Athletic Training alumni recently recognized by NATA

Dr. Chris Ingersoll ’85 with students at the University of Toledo

Two graduates of Marietta College’s Athletic Training program were recently honored by the National Athletic Trainer’s Association.

Dr. Chris Ingersoll ’85, who was the Vice Provost for Health Science Affairs and Dean of the College of Health and Human Services at the University of Toledo, will be the founding dean of UCF’s College of Health Professions and Sciences starting on July 9th. He was inducted into the organization’s Hall of Fame after serving in various positions with the organization including president of the NATA’s research and education foundation.

“The foundation raises money for scholarships and grants for athletic training students,” he said. “The profession is not terribly old, getting the knowledge base up and supporting students is important.”

He also served as past Associate Editor and Executive Editor of the Journal of Athletic Training, which is a monthly, peer-reviewed journal highlighting research and scientific advancement in the field.

Ingersoll said the profession has changed over the years and continues to evolve. He said you’ll now find athletic trainers anywhere there are active people.

“It used to be that an athletic trainer would work for a pro sports team or high school team, but now you’ll find them in places like the military and industry,” he said. “Anywhere there are physically active people, you’ll find athletic trainers.”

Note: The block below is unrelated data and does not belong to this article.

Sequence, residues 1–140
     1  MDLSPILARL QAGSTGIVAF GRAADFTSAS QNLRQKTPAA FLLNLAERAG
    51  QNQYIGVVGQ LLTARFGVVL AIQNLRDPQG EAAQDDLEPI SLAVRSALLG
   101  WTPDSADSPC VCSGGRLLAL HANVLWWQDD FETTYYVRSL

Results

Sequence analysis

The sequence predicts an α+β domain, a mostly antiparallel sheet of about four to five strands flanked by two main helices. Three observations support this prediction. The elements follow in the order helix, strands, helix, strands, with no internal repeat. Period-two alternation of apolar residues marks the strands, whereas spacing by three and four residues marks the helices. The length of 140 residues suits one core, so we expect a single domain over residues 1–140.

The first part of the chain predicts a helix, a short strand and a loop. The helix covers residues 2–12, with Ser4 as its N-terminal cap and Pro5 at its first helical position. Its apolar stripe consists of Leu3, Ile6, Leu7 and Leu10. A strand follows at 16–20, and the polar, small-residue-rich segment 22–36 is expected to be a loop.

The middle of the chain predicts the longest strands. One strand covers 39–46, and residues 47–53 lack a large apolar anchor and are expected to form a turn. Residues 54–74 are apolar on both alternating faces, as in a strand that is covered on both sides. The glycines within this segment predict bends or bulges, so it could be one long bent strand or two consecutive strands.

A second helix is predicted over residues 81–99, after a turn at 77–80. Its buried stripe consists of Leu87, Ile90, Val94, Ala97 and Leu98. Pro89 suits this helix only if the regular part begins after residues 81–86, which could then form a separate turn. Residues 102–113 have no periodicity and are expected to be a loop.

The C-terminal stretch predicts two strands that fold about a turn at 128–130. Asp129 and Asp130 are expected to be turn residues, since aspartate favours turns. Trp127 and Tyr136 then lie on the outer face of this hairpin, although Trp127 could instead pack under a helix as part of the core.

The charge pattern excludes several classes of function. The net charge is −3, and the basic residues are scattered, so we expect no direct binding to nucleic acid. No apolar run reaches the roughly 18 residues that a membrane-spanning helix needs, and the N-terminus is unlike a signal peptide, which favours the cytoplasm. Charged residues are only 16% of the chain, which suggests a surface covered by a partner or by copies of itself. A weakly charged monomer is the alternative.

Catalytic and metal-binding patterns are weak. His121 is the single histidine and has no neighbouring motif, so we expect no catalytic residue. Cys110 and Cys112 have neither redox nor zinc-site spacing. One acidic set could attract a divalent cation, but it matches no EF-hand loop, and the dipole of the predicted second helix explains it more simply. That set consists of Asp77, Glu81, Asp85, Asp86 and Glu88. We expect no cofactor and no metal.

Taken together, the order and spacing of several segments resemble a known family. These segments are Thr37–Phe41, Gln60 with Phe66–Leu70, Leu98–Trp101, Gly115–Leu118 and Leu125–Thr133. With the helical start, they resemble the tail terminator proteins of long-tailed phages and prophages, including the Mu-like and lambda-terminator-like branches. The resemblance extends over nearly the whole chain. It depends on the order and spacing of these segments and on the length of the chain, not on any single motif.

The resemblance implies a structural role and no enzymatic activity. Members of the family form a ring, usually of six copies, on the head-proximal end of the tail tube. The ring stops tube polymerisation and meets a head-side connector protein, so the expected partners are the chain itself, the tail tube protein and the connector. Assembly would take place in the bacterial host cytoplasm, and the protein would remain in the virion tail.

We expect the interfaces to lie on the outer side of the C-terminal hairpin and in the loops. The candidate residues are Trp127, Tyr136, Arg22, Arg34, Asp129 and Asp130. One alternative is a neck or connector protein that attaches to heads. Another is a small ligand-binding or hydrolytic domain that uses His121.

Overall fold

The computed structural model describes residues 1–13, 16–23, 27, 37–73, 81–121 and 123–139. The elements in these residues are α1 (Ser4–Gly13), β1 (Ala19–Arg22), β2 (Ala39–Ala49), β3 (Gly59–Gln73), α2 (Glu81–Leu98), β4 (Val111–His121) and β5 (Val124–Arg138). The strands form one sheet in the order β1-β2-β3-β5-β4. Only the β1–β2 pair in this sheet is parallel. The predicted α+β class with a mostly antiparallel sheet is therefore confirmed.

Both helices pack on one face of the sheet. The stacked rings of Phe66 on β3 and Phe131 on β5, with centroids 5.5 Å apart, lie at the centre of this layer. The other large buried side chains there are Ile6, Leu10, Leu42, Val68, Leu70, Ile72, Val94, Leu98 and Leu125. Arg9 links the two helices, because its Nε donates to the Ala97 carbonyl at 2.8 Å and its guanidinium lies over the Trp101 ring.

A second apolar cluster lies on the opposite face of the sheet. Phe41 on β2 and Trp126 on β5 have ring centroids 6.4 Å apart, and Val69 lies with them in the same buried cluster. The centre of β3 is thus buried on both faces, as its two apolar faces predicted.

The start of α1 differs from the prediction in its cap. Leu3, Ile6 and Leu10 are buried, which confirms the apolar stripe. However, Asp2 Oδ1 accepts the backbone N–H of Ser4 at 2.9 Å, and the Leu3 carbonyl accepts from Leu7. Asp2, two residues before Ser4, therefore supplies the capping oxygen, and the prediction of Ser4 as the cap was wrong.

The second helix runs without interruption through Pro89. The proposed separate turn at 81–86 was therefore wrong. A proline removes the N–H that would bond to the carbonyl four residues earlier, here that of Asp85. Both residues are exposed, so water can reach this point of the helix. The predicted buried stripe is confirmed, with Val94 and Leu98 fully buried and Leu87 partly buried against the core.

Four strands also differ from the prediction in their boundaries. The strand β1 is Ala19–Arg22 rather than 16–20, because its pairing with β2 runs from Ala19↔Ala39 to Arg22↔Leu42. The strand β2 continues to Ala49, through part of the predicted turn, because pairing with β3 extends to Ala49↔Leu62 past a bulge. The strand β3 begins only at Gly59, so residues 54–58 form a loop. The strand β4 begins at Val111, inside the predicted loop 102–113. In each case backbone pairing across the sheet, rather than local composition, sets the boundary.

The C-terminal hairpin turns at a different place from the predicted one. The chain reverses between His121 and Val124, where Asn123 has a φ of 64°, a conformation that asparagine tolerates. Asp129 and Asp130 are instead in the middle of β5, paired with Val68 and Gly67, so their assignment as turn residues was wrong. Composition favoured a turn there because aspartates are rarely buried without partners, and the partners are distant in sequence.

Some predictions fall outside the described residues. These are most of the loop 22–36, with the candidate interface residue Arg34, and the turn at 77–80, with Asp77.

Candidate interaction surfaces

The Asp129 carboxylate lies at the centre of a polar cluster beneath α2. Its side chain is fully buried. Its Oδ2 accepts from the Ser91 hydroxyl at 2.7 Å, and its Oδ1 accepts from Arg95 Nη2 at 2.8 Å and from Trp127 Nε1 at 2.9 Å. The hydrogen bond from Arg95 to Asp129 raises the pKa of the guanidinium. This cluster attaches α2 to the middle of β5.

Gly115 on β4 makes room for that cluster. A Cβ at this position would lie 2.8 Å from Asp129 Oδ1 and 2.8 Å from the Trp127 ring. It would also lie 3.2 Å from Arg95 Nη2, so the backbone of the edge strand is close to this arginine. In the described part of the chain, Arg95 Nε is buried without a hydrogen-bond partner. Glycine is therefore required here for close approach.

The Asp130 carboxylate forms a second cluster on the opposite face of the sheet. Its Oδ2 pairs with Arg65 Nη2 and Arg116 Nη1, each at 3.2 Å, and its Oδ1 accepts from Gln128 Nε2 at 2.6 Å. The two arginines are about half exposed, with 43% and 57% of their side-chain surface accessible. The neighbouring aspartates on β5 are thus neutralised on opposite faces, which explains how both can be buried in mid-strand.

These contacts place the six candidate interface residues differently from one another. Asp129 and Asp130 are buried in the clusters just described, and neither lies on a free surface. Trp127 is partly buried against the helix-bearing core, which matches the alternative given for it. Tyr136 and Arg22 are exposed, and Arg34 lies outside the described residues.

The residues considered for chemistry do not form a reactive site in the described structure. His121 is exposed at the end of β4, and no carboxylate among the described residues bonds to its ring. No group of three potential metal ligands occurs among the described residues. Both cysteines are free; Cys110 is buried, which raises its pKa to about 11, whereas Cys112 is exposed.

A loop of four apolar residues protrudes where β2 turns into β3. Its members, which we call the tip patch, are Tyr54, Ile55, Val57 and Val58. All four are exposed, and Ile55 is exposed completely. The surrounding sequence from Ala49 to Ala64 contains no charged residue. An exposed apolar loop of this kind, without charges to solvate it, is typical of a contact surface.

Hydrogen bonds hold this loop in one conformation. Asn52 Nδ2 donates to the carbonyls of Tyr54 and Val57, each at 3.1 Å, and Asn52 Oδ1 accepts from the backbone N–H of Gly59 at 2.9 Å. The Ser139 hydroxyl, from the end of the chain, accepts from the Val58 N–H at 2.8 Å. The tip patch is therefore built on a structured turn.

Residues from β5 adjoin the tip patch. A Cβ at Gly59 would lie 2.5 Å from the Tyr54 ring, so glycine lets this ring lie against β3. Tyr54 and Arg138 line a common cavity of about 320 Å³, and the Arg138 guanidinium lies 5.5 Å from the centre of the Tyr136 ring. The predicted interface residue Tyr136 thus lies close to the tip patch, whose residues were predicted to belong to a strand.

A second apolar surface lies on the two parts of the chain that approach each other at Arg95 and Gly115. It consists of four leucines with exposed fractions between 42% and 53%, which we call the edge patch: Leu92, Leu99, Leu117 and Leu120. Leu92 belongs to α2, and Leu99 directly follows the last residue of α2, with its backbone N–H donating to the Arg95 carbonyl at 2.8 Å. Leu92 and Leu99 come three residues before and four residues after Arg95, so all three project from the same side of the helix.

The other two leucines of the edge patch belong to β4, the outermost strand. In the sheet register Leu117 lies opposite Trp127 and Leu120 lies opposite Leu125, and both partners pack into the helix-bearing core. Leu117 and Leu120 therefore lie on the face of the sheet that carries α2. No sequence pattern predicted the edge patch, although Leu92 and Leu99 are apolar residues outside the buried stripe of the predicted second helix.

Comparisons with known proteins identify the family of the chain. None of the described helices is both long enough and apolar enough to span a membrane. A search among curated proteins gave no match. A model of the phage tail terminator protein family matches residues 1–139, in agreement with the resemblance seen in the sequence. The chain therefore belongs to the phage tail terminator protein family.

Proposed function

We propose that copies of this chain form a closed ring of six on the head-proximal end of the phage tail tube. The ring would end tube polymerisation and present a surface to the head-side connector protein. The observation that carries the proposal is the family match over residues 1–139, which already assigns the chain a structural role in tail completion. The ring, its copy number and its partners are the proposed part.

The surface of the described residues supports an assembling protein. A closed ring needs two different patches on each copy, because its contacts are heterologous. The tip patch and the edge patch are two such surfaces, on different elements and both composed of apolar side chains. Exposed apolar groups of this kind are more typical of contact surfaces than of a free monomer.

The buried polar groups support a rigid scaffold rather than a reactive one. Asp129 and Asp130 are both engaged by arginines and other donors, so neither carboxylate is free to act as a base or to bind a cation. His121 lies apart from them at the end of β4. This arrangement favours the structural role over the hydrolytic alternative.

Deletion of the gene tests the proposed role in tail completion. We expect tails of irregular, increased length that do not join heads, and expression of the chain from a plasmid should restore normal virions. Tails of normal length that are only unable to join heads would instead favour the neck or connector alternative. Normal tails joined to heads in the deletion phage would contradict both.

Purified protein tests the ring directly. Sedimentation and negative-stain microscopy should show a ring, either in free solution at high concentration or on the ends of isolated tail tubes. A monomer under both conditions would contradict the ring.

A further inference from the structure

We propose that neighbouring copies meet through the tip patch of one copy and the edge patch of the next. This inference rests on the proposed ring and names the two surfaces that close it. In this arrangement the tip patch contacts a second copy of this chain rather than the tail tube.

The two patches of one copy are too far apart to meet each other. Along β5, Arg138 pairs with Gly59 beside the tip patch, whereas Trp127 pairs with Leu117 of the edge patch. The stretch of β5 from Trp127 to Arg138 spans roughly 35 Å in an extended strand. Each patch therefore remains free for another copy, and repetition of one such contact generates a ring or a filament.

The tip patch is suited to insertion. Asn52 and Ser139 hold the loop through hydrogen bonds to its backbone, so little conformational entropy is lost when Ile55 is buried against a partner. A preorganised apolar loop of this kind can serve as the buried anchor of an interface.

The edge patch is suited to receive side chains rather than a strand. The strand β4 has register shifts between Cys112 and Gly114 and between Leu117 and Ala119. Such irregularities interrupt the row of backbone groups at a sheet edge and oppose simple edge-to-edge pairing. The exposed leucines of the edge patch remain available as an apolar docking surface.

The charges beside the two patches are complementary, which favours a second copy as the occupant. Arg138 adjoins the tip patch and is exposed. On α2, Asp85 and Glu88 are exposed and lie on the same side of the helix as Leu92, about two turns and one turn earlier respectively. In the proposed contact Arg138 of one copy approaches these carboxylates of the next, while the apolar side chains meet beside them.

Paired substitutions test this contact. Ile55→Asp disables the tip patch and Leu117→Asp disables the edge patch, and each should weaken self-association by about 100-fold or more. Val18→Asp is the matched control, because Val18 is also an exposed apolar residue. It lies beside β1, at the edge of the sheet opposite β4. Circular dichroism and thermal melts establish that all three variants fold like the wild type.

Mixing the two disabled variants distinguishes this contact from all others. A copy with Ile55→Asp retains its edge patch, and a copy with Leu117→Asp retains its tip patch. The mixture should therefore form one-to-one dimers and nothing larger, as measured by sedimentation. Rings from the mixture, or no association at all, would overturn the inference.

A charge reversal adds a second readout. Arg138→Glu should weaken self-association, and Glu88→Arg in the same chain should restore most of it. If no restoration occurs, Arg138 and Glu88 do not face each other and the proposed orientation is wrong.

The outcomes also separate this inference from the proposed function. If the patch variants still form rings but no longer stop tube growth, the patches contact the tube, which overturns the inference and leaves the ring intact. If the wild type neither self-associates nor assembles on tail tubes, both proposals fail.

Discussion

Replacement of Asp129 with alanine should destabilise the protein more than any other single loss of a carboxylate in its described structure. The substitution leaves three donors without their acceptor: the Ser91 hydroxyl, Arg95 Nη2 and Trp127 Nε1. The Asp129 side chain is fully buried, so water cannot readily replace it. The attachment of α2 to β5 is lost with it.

Paul Geisler ’87, Professor and Director of Athletic Training Education at Ithaca CollegeNATA also honored Paul Geisler ’87, Professor and Director of Athletic Training Education at Ithaca College, with the Distinguished Athletic Trainer Award.

Geisler started his career in the clinical setting and then moved to academia. He was the national director for HealthSouth Sports (golf, soccer and baseball) and was the former owner of SPEC Systems Inc. & KineticGolf Program. He joined Ithaca College in 1991 and was appointed to his current position in 2018.

“That more than 20 years of clinical experience is the foundation of what I teach,” he said.

Like Ingersoll, Geisler also experienced the shift to a more medical-based education for athletic training in the ’90s and says there’s another shift in the profession under way.

“We’re collecting information … proving that what we are doing is working,” he said.

Both men credit their former professor, Dr. Paul Spear ’64, with preparing them for the athletic training field of today. Spear helped to launch the athletic training program at Marietta College and was longtime chair of the program. Spear retired from Marietta College in 2000.

“Paul Spear was ahead of his time,” Ingersoll said. “He demanded a lot from us. He was preparing us to be health care providers, not coaches. He was a visionary and I’ve seen the profession evolve into that vision.”

Geisler agreed.

“The (Marietta College) program was medical-based,” Geisler said. “We came out with higher medical acumen.”

Ingersoll and Geisler, now educators, see athletic trainers having to upgrade their skills and be more involved in care where in the past physicians and others would be involved. Soon, athletic trainers will be required to obtain a master’s degree in order to practice — Marietta College will make that transition over the next few years.

The men also see more creative uses for athletic training facilities, such as a high school athletic training clinic that serves not just teams but the community, too.

“Students are going to have to take their chemistry and physics and have a strong science foundation,” Ingersoll said. “That may scare some, but they will have to be prepared for the athletic training of the future.”

NATA is the professional membership for certified athletic trainers. It represents 43,000 members worldwide. Its convention was held in Las Vegas this summer.